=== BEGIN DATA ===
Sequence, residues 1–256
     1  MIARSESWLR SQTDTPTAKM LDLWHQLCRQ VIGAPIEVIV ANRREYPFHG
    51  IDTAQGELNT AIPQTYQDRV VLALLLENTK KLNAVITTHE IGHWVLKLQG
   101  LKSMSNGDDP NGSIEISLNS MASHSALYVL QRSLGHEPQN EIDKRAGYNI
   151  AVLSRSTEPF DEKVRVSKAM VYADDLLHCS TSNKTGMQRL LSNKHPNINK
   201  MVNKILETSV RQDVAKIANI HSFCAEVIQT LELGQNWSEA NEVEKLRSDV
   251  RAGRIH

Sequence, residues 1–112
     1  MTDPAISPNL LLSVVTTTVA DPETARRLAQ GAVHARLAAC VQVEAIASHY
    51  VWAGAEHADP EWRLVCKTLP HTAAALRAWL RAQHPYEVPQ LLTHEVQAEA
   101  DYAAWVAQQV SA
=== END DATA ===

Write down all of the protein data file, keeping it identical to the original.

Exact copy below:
Sequence, residues 1–256
     1  MIARSESWLR SQTDTPTAKM LDLWHQLCRQ VIGAPIEVIV ANRREYPFHG
    51  IDTAQGELNT AIPQTYQDRV VLALLLENTK KLNAVITTHE IGHWVLKLQG
   101  LKSMSNGDDP NGSIEISLNS MASHSALYVL QRSLGHEPQN EIDKRAGYNI
   151  AVLSRSTEPF DEKVRVSKAM VYADDLLHCS TSNKTGMQRL LSNKHPNINK
   201  MVNKILETSV RQDVAKIANI HSFCAEVIQT LELGQNWSEA NEVEKLRSDV
   251  RAGRIH

Sequence, residues 1–112
     1  MTDPAISPNL LLSVVTTTVA DPETARRLAQ GAVHARLAAC VQVEAIASHY
    51  VWAGAEHADP EWRLVCKTLP HTAAALRAWL RAQHPYEVPQ LLTHEVQAEA
   101  DYAAWVAQQV SA